Nocturnes: Five Stories of Music and Nightfall – Kazuo Ishiguro – 221 pages – Finished reading 2/2
Five stories are “Crooner,” “Come Rain or Come Shine,” “Malvern Hills,” “Nocturne” and “Cellists.” The first two have less open-feeling, more final-sounding endings than the last three. “Come Rain or Come Shine” and “Malvern Hills” both have some ridiculous interpersonal communication issues as the driving force of the plot that made it hard to care much for any of the characters. I think I liked “Crooner” best and “Cellists” wasn’t so bad either—I think I preferred the Italian setting peopled by Eastern Block characters of these stories better than the set-up of the others, which were a little tedious.
Atatürk: The Biography of the Founder of Modern Turkey – Andrew Mango – 666 pages – Finished reading 2/12
This dwelt more on Mustafa Kemal's (Atatürk's name for most of his life before Turkey adopted surnames) military exploits and political intrigue, interspersed with snippets of things such as familial episodes; but then Atatürk created “Turkey” (his surname meaning “Father of the Turks”), so duh much of it reads more as history. Mango doesn’t omit peculiarities, and there are many, such as spats with friends, his bizarre expectations—for example, deciding that the country would learn a Latinized alphabet “in three months or not at all!”—that somehow worked, or his decision to use “k” for the soft “kuh” sound over “q” simply because he liked spelling his name “Kemal.” But though Atatürk’s long since been mythologized, Mango does ultimately present him as a (very strange but very effective) man.
Masculine and Feminine: The Natural Flow of Opposites in the Psyche – Gareth S. Hill – 232 pages – Finished reading 2/18
Much of the analysis in this treatment derives from Jungian psychology with some other, especially Kohutian, influences. I’m not especially familiar with much of Jung and I can say even less about that Kohut guy, but Hill writes this so that even a “lay person,” so to speak, can follow, and I found it pretty interesting. I especially liked the archetypes—Static and Dynamic Feminine and Static and Dynamic Masculine—even if, or because, they’re sort of reminiscent of figures in Tarot (which I found reinforced after having my first-ever reading by a friend a few days ago).
Oranges Are Not the Only Fruit – Jeanette Winterson – 176 pages – Finished reading 2/20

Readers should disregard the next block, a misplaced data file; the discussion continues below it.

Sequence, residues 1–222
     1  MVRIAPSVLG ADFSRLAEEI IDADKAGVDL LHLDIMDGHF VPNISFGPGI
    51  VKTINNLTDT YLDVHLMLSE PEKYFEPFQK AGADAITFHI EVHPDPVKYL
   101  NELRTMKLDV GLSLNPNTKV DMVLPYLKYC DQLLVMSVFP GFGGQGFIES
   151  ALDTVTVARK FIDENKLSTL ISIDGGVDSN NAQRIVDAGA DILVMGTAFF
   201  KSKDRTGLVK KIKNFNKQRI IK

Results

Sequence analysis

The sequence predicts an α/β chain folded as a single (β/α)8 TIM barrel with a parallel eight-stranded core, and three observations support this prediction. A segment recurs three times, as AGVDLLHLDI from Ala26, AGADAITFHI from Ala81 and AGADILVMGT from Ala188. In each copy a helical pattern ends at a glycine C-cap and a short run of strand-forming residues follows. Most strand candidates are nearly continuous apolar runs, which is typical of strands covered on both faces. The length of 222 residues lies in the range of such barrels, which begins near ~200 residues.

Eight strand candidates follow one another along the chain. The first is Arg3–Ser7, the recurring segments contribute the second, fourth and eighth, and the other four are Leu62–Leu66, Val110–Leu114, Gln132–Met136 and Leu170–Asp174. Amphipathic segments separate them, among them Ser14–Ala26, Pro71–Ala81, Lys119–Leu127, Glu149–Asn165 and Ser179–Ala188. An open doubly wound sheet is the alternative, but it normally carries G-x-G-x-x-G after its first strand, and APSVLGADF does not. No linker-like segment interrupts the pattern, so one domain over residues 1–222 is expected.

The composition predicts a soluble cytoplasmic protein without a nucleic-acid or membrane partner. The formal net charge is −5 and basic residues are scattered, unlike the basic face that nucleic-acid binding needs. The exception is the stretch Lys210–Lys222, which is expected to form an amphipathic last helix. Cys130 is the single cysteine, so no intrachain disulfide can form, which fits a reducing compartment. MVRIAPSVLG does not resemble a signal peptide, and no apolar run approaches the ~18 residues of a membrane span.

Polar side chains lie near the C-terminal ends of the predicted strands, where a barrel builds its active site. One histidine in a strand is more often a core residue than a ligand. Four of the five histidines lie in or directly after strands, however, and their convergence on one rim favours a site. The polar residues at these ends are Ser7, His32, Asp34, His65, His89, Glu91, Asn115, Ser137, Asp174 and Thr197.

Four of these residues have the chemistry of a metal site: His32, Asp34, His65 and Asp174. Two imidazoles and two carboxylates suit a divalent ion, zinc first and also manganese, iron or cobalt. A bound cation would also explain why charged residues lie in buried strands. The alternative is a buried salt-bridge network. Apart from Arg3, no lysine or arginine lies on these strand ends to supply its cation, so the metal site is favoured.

Loved, loved, LOVED it, the interlacing of casual myth (various stories, or allegories, or whatever told in their own scenes, not clear-cut correspondent to what’s happening to the protagonist just then) and the human fluidity of the characters, even the more rigid ones (e.g. Mom’s a bitch but we still love her). I gathered that much of the book was autobiographical, and I think it would pair well with Janisse Ray’s Ecology of a Cracker Childhood—they have more than one motif in common.
Violin (REREAD) – Anne Rice – 289 pages – Finished reading 2/26
This was sort of mood reading as I got ready to go to New Orleans; it was also sort of a comfort read because it was either this or I think Taltos that was my first Rice book. Anyway, the book’s got its faults surely, in that it’s a reluctant but persistent dweller of the remorseful pity-party that makes of the motif of almost the entire book (particularly our protagonist, Triana), but I feel it is redeemed at least a little in that by the end, people get over their shit and move on (literally, in the case of Stefan, the sort of crazy, definitely miserable ghost antagonist). I have always liked Stefan better than Triana each time I’ve read this book, and that still holds true; I think because the book is from her point of view, therefore we’re always up in her head and her pity-party, her dead parents and dead daughter and ex-husband, while we get Stefan’s only in small doses so it’s more tolerable. Their (platonic!—thank G-d) relationship is schizophrenic, cursing and loving simultaneously, which I think also sets the tone for my own relationship with the book itself, haha.